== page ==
Purple coneflower has given rise to a huge number of cultivars and hybrids. (Hybrids are most often created by crossing with Echinacea paradoxa.)  For instance, Bluestone Perennials offers 31 different echinaceas. I’ll stick to some tried and true selections which are widely available, but searching for the cultivars and hybrids will turn up many single and double flowers with colors ranging from green, white, pink, to various shades of orange and red. Some are also fragrant. It is truly an amazing assortment.

The hybrids need richer soil and more moisture than the species. A breeder of hybrid echinaceas, Terra Nova Nurseries offers a tip for success with the hybrids. Pinch off the blooms their first season to force the plants to form a good root system to get them through the winter. That does requires discipline! Plants in quart- or gallon-size containers won’t need this treatment if their root systems have had a chance to grow to fill the pot. But if you’re working with plants in small, 2-4 inch pots, it’s best to pinch off the blooms or remove the bloom stem.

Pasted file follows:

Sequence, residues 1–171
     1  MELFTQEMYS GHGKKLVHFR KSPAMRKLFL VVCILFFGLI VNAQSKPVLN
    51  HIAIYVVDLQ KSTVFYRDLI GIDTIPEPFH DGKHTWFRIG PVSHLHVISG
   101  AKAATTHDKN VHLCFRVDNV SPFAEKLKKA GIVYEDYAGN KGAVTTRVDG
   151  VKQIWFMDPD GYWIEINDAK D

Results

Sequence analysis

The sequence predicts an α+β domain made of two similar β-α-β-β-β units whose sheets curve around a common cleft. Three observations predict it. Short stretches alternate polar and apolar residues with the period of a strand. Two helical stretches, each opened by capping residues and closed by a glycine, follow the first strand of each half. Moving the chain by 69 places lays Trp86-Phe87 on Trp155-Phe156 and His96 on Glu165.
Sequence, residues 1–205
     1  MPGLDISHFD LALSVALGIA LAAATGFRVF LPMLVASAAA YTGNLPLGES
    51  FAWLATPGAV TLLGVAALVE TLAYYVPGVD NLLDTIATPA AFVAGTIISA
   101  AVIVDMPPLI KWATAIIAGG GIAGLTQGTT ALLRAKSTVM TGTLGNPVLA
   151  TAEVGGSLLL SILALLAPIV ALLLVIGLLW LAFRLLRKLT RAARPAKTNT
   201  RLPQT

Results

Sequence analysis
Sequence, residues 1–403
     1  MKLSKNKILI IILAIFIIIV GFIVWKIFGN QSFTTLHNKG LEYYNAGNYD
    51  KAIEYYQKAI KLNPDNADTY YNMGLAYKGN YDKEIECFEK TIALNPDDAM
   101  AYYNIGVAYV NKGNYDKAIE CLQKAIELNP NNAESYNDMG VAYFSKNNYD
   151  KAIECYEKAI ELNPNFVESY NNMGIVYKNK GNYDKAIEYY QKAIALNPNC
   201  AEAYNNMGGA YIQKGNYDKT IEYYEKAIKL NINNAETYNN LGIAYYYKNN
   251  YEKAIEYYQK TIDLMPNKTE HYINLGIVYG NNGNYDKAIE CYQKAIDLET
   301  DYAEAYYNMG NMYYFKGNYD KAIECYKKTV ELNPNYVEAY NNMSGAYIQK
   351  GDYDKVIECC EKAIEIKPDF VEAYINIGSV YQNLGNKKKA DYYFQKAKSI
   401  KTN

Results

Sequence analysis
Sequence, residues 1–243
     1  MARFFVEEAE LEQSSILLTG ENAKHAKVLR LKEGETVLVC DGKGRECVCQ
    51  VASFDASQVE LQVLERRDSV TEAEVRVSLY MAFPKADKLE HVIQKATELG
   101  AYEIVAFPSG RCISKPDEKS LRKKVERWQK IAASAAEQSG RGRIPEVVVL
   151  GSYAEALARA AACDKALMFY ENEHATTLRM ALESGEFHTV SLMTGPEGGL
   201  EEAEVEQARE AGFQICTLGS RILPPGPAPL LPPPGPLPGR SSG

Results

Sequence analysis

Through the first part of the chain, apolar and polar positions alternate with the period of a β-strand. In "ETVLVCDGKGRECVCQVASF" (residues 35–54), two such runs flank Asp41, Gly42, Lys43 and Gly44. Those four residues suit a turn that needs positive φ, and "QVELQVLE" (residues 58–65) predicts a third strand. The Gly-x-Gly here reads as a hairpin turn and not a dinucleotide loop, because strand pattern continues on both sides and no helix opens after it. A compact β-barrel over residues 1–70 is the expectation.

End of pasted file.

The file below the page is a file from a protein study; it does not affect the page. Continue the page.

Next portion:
Much effort has been put into creating double flowered echinaceas. There are new hybrid creations coming to market constantly. They typically have a pompom or “mop” center surrounded by ray petals. I’ve included photos of a few of the multitude of hybrids available. They vary in height and come in a wide range of colors. One thing to keep in mind when Echinacea shopping is that the double varieties produce little or no nectar and are generally not useful as pollinator plants despite being very showy to us in the garden. Most are hardy to Zone 4.

Left to right: Hot papaya, PUFF®Vanilla, CARA MIA™Yellow,  Cone-Fection™ Butterfly Kisses
Photo Credits: Plant Delights Nursery, Terra Nova Nurseries, American Meadows